May 2014 CPI Inflation Has Largest Monthly Increase Since February 2013

by Doug Short and

The May 2014 Consumer Price Index (CPI-U) year-over-year inflation rate again grew moderately fueled by energy and food - however most elements of the CPI inflated nearly equally to the headline growth. Core inflation is progressing towards the Fed inflation targets.

Follow up:

 

The Consumer Price Index (CPI-U) year-over-year inflation rate rose from 2.0% to 2.1%. Core inflation (CPI less food and energy) rose from 1.8% to 2.0%. The market expected:

month over month change  Consensus Range Consensus  Actual 
CPI-U   0.1 % to 0.3 % 0.2%  0.4%
 CPI-U less food and energy  0.0 % to 0.3 % 0.2%   0.3%


Unadjusted CPI-U - Year-over-Year Change (blue line, left axis) and Month-over-Month Change (red line, right axis)

The Producer Price Index showed finished goods fell marginally from 2.1% year-over-year in May 2014 to 2.0% in May 2014. The CPI rate of inflation is normally higher than the PPI.

As a generalization – inflation accelerates as the economy heats up, while inflation rate falling could be an indicator that the economy is cooling. However, inflation does not correlate well to the economy – and cannot be used as a economic indicator.

Energy commodities by far was the major influence on this month’s CPI.

The Consumer Price Index for All Urban Consumers (CPI-U) increased 0.4 percent in May on a seasonally adjusted basis, the U.S. Bureau of Labor Statistics reported today. Over the last 12 months, the all items index increased 2.1 percent before seasonal adjustment.

The seasonally adjusted increase in the all items index, which was the largest since February 2013, was broad-based. The indexes for shelter, electricity, food, airline fares, and gasoline were among those that contributed. The food index posted its largest increase since August 2011, with the index for food at home rising 0.7 percent. The increases in the electricity and gasoline indexes led to a 0.9 percent rise in the energy index.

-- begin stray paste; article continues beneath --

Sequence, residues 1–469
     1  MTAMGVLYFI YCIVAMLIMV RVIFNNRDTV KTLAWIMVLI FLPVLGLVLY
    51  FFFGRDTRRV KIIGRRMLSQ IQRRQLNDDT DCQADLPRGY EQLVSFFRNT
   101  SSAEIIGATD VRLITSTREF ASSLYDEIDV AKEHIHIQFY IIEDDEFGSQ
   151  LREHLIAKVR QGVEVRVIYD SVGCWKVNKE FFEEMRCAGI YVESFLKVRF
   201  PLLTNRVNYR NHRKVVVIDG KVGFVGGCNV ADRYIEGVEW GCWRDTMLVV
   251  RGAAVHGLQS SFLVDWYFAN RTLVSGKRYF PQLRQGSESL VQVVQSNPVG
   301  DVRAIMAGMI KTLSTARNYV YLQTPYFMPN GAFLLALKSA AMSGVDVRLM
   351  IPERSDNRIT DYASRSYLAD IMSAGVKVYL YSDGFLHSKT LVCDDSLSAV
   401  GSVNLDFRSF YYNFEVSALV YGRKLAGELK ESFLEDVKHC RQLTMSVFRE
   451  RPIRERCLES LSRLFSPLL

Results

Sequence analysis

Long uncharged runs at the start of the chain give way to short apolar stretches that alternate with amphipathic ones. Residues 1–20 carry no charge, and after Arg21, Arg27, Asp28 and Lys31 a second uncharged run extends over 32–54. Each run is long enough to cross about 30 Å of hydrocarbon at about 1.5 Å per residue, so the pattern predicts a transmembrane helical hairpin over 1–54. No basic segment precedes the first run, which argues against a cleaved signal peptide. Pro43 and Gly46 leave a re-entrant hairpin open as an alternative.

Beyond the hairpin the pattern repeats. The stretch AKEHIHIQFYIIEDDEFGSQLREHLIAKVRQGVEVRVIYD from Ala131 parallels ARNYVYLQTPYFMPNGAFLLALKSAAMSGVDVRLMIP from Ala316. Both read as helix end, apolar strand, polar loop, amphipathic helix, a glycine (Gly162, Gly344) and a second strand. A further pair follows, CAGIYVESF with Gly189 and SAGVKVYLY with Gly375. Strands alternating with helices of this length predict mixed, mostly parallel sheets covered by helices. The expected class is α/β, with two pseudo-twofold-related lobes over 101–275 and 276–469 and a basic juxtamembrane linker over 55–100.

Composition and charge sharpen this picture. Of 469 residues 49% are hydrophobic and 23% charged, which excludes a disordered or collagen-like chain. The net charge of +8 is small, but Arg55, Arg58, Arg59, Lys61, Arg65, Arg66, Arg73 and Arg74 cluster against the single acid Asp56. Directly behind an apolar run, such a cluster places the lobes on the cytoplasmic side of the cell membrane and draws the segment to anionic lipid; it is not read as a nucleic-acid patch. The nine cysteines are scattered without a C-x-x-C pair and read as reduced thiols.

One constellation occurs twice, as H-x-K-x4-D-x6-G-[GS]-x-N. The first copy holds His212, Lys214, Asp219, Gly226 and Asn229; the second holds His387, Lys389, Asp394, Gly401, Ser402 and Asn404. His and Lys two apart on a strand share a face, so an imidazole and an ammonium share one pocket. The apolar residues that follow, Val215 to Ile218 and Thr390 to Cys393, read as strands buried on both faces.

The index for all items less food and energy rose 0.3 percent in May, its largest increase since August 2011. Along with the indexes for shelter and airline fares, the medical care, apparel, and new vehicle indexes all increased in May. The indexes for household furnishings and operations and for used cars and trucks declined.

The all items index increased 2.1 percent over the last 12 months; this compares to a 2.0 percent increase for the 12 months ending April, and is the largest 12-month increase since October 2012. The index for all items less food and energy has increased 2.0 percent over the last 12 months. The food index has advanced 2.5 percent over the span, its largest 12-month increase since June 2012.

Historically, the CPI-U general index tends to correlate over time with the CPI-U’s food index. The current situation is putting an upward pressure on the CPI countering the downward pressure on the CPI by the Producer Price Index.

CPI-U Index compared to the Food sub-Index of CPI-U

Notice the gap in the above graphic between the CPI and Food – historically this gap has always closed when the knock-on effect from higher food prices into other CPI components moderates.

The Federal Reserve has argued that energy inflation automatically slows the economy without having to intervene with its monetary policy tools. This is the primary reason the Fed wants to exclude energy from analysis of consumer price increases (the inflation rate).